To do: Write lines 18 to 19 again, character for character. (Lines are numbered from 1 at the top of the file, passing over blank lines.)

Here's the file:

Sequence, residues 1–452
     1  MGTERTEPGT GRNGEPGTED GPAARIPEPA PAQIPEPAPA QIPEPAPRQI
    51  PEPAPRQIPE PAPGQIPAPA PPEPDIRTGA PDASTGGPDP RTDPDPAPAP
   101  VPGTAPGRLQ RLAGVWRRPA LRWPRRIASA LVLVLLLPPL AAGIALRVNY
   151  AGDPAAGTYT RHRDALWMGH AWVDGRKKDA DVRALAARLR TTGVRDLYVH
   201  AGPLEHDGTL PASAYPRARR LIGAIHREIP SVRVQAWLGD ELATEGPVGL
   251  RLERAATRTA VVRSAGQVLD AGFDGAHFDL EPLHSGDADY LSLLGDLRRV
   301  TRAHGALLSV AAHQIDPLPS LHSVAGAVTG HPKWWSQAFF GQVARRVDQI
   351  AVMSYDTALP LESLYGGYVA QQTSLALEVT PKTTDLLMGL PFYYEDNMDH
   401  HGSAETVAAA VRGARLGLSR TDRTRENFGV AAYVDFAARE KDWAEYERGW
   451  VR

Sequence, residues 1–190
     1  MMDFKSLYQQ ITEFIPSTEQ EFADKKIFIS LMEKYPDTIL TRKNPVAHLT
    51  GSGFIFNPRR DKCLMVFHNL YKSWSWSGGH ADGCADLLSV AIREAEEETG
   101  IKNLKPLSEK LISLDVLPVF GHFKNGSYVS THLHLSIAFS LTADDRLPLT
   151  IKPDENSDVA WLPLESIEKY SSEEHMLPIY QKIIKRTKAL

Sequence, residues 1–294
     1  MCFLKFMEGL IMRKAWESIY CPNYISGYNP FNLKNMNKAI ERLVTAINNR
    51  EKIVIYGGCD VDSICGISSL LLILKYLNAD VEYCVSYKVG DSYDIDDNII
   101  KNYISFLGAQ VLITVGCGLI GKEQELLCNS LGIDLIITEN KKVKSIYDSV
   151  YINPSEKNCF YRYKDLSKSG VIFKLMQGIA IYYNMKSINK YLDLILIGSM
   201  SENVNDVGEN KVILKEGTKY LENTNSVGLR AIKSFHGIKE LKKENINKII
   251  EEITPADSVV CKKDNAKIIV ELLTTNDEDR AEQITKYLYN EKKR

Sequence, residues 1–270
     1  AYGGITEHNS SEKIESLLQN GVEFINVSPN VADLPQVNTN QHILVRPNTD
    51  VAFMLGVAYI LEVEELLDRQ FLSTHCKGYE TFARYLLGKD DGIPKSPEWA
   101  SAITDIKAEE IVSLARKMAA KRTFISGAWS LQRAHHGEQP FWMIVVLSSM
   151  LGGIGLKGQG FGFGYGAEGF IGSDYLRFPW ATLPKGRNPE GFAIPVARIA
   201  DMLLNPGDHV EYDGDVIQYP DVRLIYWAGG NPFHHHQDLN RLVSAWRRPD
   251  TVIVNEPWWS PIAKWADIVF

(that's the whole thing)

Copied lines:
     1  MCFLKFMEGL IMRKAWESIY CPNYISGYNP FNLKNMNKAI ERLVTAINNR
    51  EKIVIYGGCD VDSICGISSL LLILKYLNAD VEYCVSYKVG DSYDIDDNII